Methylation Predicts Mortality

A study finds a link between patterns of methylation in the human genome and people’s life span.

By | February 3, 2015

WIKIMEDIA, CHALMERS BUTTERFIELDThrough a study involving 5,000 individuals, researchers have found that methylation patterns are linked with age, and that older-looking methylation states may predict how much longer people will live.

The finding “is exciting as it has identified a novel indicator of aging, which improves the prediction of life span over and above the contribution of factors such as smoking, diabetes and cardiovascular disease,” Ian Deary, the study’s senior author and a researcher at the University of Edinburgh, said in a press release.

Deary’s study, published in Genome Biology last week (January 30), used two established measures that compare a person’s chronological age to the age predicted by DNA methylation to see how those metrics correlate with longevity. The researchers found that when a person’s DNA methylation age was five years older than his or her chronological age, the person’s chance of dying sooner than others without that profile rose 16 percent.

“It may therefore be possible to think of DNA methylation predicted age as an ‘epigenetic clock’ that measures biological age and runs alongside, but not always in parallel with chronological age, and may inform life expectancy predictions,” the authors wrote in their report. “Our results imply that epigenetic marks, such as gene methylation, are like other complex traits: influenced by both genetic and environmental factors and associated with major health-related outcomes.”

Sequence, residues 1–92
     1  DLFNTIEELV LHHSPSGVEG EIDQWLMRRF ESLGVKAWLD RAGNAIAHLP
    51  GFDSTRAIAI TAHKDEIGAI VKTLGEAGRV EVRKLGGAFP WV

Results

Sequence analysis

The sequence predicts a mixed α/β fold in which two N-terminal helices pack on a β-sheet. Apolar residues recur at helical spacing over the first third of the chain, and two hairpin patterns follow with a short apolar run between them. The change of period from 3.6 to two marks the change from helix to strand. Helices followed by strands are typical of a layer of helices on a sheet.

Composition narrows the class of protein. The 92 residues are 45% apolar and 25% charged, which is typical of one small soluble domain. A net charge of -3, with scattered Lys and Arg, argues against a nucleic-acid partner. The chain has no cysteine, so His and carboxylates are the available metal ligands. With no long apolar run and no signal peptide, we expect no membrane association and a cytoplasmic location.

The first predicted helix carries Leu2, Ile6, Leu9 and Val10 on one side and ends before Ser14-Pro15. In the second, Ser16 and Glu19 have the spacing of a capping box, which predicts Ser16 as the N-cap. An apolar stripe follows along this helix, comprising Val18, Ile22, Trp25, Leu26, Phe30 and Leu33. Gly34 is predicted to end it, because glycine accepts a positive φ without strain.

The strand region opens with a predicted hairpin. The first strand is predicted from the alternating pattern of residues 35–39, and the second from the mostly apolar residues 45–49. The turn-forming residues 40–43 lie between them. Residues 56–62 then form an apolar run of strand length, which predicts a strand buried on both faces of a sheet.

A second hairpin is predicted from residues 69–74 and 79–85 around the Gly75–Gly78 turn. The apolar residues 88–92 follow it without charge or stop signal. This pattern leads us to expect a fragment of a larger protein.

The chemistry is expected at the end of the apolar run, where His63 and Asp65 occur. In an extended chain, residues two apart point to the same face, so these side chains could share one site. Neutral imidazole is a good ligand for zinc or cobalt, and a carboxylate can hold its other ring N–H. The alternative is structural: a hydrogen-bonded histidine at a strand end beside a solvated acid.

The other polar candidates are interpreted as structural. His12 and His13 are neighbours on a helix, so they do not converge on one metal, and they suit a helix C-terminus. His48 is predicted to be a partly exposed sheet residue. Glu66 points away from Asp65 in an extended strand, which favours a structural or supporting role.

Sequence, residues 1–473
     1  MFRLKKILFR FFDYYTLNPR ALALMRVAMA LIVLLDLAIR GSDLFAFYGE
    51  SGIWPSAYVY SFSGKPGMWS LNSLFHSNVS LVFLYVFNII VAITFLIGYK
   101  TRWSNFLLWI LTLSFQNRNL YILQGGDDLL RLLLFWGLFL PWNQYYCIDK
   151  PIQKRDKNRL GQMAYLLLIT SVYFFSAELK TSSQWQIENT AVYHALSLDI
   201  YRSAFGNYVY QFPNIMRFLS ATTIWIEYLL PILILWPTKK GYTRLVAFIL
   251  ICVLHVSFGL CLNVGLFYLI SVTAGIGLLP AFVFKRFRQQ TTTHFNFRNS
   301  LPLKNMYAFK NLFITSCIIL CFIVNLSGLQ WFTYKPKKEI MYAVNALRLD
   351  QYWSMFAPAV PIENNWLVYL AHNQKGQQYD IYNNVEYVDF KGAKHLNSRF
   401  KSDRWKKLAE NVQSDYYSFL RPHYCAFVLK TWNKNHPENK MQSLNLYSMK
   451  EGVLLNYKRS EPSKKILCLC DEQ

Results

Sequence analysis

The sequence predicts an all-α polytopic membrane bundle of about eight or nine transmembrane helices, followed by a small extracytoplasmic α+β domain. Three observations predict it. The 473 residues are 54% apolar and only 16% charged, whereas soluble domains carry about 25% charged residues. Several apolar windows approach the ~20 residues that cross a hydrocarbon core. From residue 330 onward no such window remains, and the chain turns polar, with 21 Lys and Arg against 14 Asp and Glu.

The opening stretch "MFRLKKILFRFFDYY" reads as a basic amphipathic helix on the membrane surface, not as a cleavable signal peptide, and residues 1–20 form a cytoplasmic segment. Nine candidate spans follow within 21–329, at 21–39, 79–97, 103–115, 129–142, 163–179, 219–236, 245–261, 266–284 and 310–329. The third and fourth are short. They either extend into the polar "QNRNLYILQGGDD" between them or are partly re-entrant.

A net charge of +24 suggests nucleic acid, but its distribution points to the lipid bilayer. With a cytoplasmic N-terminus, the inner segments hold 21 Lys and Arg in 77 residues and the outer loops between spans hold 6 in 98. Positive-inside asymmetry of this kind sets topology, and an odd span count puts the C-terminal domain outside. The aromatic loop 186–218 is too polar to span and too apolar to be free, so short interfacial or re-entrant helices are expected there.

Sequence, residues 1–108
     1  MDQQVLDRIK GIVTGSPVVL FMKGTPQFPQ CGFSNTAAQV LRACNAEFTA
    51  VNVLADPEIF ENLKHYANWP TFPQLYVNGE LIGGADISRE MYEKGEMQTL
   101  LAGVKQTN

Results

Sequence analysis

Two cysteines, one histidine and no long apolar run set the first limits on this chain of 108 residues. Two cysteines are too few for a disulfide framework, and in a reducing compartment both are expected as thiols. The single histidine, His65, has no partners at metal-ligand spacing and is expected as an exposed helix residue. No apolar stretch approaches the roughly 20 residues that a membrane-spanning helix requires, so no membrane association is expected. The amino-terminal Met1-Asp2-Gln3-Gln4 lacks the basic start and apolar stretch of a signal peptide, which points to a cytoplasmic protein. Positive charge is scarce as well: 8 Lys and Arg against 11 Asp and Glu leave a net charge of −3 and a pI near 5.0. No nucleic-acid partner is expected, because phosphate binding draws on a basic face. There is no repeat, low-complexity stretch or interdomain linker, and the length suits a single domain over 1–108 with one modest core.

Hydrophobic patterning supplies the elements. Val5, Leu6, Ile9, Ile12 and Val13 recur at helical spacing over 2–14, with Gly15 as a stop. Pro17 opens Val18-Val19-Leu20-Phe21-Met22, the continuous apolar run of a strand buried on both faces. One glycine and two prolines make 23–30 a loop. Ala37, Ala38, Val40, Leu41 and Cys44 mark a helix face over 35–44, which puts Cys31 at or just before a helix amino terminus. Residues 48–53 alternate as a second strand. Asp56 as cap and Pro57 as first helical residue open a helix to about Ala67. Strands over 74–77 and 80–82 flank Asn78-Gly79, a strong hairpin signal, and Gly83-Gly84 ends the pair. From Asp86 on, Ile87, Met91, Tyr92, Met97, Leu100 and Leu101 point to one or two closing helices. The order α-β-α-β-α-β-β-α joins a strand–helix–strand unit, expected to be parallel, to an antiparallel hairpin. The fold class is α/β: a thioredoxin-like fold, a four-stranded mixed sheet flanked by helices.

Advertisement

Add a Comment

Avatar of: You

You

Processing...
Processing...

Sign In with your LabX Media Group Passport to leave a comment

Not a member? Register Now!

LabX Media Group Passport Logo

Popular Now

  1. Next Generation: Nanotube Scaffolds Reconnect Spinal Neurons
  2. Mapping the Human Connectome
    Daily News Mapping the Human Connectome

    A new map of human cortex combines data from multiple imaging modalities and comprises 180 distinct regions.

  3. Will Organs-in-a-Dish Ever Replace Animal Models?
  4. Your Office Has a Distinct Microbiome
RayBiotech